Title IX of the Education Amendments is a federal law that prohibits discrimination on the “basis of sex” committed by and/or against students in federally funded colleges and universities. Since most higher education institutions in the nation are funded in some capacity by the government, the majority of colleges and universities in the country are obligated to comply with Title IX regulations.
In recent years, it's been determined that sexual misconduct - in all of its varieties - is considered a form of sex discrimination. This means that actions that constitute sexual misconduct are a direct violation of Title IX, and therefore must be resolved by the school, in accordance with current guidelines.
Dating violence is a common form of sexual misconduct that coordinators oftentimes see on campus. In the event that a complaint is filed alleging dating violence, the accused and the accuser will undergo what's known as the Title IX process to come up with a finding. This process entails an investigation and possibly a hearing where the school will ultimately determine, based on evidence collected, if the accused student is “responsible” for this violation.
What is Dating Violence?
Dating violence is any intentional act or threatened act of violence committed by a person who is in a relationship of a social, romantic, or intimate nature with a victim. The violence can be physical, sexual, emotional, or psychological, and it is often committed in a pattern or a repeated cycle. As long as the dating violence committed is pervasive enough to create a hostile environment for a student, it is classified as misconduct.
More specifically, dating violence is any action that is used for the purposes of gaining power and control over a person in a mutual relationship. It could entail:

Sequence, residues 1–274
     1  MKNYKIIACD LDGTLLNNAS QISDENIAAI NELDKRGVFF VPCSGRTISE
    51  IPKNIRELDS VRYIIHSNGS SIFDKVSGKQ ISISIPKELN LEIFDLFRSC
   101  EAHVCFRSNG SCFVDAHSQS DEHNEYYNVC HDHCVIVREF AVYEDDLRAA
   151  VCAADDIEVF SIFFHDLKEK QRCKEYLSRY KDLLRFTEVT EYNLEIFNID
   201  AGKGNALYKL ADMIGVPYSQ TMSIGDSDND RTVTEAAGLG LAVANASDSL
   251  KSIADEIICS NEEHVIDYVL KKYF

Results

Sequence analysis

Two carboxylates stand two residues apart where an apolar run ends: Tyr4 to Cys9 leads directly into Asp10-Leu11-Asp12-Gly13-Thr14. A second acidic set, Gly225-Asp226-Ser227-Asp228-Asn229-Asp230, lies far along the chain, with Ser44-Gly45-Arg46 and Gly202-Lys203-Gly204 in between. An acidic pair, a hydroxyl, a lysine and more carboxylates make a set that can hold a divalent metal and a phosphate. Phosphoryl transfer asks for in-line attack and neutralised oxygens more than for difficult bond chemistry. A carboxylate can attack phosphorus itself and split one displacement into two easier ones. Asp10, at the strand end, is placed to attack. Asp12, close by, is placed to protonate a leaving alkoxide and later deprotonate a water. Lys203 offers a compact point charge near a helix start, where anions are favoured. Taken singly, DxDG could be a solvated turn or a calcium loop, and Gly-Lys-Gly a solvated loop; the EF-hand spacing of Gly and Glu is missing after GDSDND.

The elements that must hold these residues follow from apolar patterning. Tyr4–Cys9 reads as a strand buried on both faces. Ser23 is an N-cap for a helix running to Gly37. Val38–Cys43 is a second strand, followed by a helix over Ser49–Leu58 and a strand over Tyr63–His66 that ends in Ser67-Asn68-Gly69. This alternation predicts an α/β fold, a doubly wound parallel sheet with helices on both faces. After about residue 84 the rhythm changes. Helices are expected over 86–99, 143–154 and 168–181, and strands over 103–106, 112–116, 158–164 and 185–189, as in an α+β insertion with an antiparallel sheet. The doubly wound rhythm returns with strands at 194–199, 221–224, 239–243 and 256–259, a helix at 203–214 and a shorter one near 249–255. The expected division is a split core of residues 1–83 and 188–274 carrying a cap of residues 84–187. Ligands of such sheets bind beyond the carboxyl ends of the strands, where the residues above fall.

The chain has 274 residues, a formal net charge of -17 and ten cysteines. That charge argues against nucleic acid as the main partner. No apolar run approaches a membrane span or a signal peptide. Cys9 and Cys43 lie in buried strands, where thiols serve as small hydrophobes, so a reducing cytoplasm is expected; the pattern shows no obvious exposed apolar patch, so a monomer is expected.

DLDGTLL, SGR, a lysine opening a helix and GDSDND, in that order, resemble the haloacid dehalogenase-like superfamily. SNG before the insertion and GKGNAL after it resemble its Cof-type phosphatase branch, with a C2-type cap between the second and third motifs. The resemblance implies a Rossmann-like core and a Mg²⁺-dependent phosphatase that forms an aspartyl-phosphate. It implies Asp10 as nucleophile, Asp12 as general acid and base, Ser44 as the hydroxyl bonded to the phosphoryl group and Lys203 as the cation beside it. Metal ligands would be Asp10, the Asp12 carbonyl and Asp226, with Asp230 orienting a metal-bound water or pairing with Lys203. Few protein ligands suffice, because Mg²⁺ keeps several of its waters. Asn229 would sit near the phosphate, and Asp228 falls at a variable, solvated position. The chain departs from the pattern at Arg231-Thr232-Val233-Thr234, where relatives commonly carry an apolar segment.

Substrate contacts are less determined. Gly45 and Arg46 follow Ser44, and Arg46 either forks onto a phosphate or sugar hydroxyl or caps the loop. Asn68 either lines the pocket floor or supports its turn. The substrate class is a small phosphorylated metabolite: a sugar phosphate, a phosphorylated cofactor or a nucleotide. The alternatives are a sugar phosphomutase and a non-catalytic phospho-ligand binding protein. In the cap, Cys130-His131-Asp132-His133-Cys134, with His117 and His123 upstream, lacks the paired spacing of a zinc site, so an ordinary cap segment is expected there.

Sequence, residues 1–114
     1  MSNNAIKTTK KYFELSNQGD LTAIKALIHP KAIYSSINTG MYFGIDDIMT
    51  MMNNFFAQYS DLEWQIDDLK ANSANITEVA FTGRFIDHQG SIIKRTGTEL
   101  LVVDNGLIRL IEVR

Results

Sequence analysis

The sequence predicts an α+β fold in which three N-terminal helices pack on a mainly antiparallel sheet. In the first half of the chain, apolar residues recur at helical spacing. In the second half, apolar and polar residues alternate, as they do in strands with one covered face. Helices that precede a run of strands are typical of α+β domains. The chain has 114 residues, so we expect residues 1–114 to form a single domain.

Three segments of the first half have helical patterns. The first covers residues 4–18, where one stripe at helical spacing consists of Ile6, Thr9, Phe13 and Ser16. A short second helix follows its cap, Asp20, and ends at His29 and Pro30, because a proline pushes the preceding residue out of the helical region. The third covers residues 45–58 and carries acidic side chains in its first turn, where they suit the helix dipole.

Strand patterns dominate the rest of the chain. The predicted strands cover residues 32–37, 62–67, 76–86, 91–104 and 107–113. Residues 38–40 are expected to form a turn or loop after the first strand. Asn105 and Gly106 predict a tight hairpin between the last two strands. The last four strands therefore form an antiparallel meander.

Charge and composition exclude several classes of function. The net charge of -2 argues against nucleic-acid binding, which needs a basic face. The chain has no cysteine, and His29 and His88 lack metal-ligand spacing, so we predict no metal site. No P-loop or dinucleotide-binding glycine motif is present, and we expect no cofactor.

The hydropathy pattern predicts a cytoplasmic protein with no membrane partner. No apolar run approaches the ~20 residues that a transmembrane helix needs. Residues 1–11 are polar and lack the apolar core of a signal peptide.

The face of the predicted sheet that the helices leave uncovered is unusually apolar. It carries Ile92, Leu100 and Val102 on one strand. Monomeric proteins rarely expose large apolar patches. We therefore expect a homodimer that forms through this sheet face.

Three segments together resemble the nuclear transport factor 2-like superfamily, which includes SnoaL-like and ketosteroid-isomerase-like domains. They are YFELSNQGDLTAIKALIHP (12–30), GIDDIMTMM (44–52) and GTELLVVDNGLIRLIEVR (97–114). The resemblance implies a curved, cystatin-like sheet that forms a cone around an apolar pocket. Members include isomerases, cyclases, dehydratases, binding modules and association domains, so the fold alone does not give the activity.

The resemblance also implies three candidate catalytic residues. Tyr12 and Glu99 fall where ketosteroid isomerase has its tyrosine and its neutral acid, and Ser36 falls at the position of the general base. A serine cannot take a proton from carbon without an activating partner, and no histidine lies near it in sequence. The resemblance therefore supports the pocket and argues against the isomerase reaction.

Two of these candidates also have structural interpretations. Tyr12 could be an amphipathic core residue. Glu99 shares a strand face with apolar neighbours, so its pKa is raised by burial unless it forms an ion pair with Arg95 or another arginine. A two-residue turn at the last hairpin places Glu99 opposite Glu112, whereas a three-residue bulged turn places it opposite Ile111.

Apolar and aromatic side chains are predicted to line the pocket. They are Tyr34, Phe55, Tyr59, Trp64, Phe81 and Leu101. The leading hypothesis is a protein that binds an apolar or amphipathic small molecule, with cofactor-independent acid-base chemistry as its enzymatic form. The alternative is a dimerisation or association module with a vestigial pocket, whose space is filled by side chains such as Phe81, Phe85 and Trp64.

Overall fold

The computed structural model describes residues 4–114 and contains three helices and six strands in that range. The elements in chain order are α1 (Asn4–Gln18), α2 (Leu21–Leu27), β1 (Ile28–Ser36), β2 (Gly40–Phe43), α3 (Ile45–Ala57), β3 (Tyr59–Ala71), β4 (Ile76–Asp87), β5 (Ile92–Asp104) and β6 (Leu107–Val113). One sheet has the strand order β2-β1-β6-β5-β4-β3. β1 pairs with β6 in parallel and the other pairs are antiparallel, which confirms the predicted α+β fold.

- Physical abuse: the intentional use of physical force with intentions of causing an injury (shoving, kicking, strangling, hitting etc.).
- Emotional abuse: non-physical behaviors like threatening, insults, stalking, humiliation, and more.
- Sexual abuse: any action that affects the partner's ability to control the circumstances in which sexual activities occur (rape, coercion, restricting access to birth control etc).
Throughout the Title IX process, it's important that accused students remember that they have due process rights. Although most schools are expected to thoroughly follow their own policy, sometimes pressure from the Education Department, timing restrictions, and other factors may lead to an unfair process and result. This is why accused students need the help of an attorney advisor to ensure that the process stays equitable and that the school is held accountable if it deviates from federal rules.
Nationwide Title IX Advisor
The only way to make sure your voice is heard and your rights are upheld is to retain a student defense attorney. For respondents, especially, the assistance of an attorney advisor is invaluable in the Title IX process. National Title IX attorney Joseph D. Lento has the skill, experience, and expertise to help you preserve your entitled rights under Title IX and your school's policy. For a case evaluation or more information about his representation, contact him online or give him a call at 888-535-3686 today.